Bob Unruh joined WND in 2006 after nearly three decades with the Associated Press, as well as several Upper Midwest newspapers, where he covered everything from legislative battles and sports to tornadoes and homicidal survivalists. He is also a photographer whose scenic work has been used commercially.More ↓Less ↑
This message was handed to officials at a California pro-family organization, along with the accompanying picture
At least one pro-family organization that has opposed the pro-homosexual “Day of Silence” is being targeted with hate e-mails and telephone calls, including suggestions that officials go and kill themselves.
England said the hate has flooded in since her organization joined the “Day of Silence Walkout.” She also confirmed to WND that she has filed a police report on the threats.
WND reported earlier this week on a multitude of organizations across the nation that oppose the DOS promotion in public schools sponsored by the Gay, Lesbian, and Straight Education Network.
Laurie Higgins of the Illinois Family Institute noted the goal cited by GLSEN is to reduce bullying on school campuses, especially bullying perceived as targeting homosexual students or those with other “alternative’ sexual lifestyles.
“No one supports bullying,” she told WND. “Every school has more than ample anti-bullying policies in place. … For GLSEN, the means by which they want to end bullying is to normalize volitional homosexual conduct.”
England told WND that another message was, “I wish you would just go kill yourself.”
Message delivered to California pro-family organization
“If this is the kind of atmosphere we get just for asking kids to stay home, in an e-mail, can you imagine what is like for kids refusing to stay silent?” she said.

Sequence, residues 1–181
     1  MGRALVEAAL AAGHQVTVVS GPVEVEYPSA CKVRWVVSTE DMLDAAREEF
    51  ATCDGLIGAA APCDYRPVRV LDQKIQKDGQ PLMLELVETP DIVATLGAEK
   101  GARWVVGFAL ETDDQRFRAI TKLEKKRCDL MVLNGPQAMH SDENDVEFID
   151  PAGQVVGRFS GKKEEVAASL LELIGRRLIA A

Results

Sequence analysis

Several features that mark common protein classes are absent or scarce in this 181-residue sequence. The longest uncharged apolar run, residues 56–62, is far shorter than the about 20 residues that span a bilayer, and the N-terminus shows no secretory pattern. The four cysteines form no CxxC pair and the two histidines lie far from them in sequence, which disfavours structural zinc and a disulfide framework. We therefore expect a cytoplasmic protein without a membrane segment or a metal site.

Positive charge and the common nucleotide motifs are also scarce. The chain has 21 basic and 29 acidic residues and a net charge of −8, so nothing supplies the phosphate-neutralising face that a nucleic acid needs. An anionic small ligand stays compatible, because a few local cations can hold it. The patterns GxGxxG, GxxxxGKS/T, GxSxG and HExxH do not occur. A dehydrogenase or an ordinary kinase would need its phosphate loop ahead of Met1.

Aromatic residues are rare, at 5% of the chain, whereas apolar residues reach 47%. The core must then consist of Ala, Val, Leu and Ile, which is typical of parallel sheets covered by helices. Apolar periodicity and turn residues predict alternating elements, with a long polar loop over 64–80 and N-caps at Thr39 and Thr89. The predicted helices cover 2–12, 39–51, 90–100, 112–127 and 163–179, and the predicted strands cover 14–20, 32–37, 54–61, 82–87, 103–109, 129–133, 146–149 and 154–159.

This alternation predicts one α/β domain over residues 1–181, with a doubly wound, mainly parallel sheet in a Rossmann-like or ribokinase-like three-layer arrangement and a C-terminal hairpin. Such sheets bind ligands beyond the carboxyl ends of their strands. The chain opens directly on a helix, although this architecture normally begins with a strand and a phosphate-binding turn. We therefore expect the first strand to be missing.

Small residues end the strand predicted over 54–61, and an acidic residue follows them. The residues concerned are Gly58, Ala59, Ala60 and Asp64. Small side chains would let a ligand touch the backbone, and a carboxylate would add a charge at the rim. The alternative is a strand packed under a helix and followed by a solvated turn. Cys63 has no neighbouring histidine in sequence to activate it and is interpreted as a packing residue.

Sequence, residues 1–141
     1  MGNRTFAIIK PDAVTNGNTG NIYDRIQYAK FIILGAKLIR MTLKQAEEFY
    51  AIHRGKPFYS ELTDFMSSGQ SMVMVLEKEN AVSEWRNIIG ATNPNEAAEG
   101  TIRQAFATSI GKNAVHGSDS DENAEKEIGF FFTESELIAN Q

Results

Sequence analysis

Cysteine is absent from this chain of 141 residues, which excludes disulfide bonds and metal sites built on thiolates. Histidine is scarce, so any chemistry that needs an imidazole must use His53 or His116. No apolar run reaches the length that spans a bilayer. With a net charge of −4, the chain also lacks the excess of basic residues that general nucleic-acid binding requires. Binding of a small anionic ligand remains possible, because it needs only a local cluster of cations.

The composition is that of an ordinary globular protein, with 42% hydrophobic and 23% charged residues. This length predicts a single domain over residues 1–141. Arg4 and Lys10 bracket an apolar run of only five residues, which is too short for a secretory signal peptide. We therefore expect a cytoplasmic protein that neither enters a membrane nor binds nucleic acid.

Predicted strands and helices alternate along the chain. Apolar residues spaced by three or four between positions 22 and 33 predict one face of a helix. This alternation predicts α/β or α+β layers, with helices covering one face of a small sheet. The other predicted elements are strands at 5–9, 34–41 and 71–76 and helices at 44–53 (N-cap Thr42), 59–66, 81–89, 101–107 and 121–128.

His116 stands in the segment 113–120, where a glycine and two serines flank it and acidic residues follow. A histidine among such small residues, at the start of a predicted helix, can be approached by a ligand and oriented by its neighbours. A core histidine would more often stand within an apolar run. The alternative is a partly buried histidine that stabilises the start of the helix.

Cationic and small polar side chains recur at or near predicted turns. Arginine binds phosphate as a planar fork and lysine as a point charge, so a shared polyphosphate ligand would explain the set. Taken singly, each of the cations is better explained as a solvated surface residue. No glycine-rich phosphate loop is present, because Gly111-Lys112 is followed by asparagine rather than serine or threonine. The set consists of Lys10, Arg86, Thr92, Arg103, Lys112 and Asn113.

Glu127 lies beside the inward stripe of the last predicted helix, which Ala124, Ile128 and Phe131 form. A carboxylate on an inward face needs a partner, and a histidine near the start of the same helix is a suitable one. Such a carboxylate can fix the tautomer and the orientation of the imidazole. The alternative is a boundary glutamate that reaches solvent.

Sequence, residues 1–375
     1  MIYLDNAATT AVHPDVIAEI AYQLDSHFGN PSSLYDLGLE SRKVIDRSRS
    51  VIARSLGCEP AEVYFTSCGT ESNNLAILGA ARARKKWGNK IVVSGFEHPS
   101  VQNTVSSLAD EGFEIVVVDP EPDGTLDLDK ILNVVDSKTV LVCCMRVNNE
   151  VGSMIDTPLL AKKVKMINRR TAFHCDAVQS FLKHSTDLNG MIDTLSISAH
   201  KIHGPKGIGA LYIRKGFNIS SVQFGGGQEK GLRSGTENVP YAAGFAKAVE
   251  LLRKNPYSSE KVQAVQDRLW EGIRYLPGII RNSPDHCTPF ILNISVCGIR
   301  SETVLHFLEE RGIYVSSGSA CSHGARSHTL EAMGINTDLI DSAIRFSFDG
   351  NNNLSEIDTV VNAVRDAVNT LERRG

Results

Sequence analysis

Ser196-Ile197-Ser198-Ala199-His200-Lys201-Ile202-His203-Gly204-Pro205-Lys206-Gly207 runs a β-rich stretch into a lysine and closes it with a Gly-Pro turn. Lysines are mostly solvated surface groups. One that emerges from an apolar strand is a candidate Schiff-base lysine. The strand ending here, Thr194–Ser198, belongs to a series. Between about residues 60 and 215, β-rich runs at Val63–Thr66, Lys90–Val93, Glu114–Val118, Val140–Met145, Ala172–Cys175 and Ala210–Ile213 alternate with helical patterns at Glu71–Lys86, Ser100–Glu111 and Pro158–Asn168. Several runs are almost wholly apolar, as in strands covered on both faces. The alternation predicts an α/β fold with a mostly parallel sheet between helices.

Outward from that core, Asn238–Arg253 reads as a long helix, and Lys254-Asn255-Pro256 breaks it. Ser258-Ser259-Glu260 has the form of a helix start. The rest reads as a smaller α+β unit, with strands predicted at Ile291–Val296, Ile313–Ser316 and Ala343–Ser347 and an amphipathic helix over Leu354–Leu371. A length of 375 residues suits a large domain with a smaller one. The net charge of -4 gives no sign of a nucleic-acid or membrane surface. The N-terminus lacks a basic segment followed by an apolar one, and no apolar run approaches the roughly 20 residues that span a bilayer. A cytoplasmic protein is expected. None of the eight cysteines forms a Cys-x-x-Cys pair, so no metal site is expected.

She also said teachers should focus on academic subjects, not changing minds about sexual issues.
“The actions of Day of Silence supporters are speaking louder than the silence,” England said.
She said she is urging the walkout “because students should be free to support traditional marriage and relationships, without their peers seeing them as bigots.”
The official day for the event is today, but opponents note some schools observe it on other days.
England said the Day of Silence “falsely equates being anti-harassment with being in favor of social activism in the schools. CRI strongly opposes all harassment. Teachers and students, however, should always be able to speak at school. The classroom is not an appropriate setting for social activism and protest.”
England’s organization has posted a video on YouTube, which also has been embedded here (Advisory: The video is not recommended viewing for children):
“Many people who support traditional values are called right wing extremists, and Homeland Security says it is concerned about us. Maybe Homeland Security should be more concerned about assessing the threats we are receiving than about us as a threat to others,” England said.
GSLEN has sponsored the nationwide silent protest every April for the last 12 years. The event is said to be a showing of support for “gay,” lesbian, bisexual and transgender victims of violence and bullying. According to GSLEN’s 2005 National School Climate Survey, four out of five LGBT children experience harassment in school. The organization claims 64 percent of “gay” students feel unsafe at school because of their sexual orientation and 41 percent because of their “gender expression.”
GLSEN claims there are about 4,000 homosexual clubs now in American high schools and middle schools.